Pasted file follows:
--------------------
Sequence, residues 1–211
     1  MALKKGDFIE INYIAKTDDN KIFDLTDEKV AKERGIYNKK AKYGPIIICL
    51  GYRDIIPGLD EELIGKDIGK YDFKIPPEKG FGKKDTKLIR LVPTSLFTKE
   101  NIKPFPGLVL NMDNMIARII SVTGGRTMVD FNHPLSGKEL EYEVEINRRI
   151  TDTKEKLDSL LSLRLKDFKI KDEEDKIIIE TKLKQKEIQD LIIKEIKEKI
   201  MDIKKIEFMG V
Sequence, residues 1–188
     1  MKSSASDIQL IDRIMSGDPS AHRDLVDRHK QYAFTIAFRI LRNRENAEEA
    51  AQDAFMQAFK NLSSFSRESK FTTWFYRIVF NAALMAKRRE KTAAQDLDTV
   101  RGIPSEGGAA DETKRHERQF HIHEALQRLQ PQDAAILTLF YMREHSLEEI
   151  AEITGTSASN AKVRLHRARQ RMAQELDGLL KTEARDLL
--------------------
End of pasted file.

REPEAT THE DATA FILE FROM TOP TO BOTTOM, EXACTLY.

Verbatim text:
Sequence, residues 1–211
     1  MALKKGDFIE INYIAKTDDN KIFDLTDEKV AKERGIYNKK AKYGPIIICL
    51  GYRDIIPGLD EELIGKDIGK YDFKIPPEKG FGKKDTKLIR LVPTSLFTKE
   101  NIKPFPGLVL NMDNMIARII SVTGGRTMVD FNHPLSGKEL EYEVEINRRI
   151  TDTKEKLDSL LSLRLKDFKI KDEEDKIIIE TKLKQKEIQD LIIKEIKEKI
   201  MDIKKIEFMG V
Sequence, residues 1–188
     1  MKSSASDIQL IDRIMSGDPS AHRDLVDRHK QYAFTIAFRI LRNRENAEEA
    51  AQDAFMQAFK NLSSFSRESK FTTWFYRIVF NAALMAKRRE KTAAQDLDTV
   101  RGIPSEGGAA DETKRHERQF HIHEALQRLQ PQDAAILTLF YMREHSLEEI
   151  AEITGTSASN AKVRLHRARQ RMAQELDGLL KTEARDLL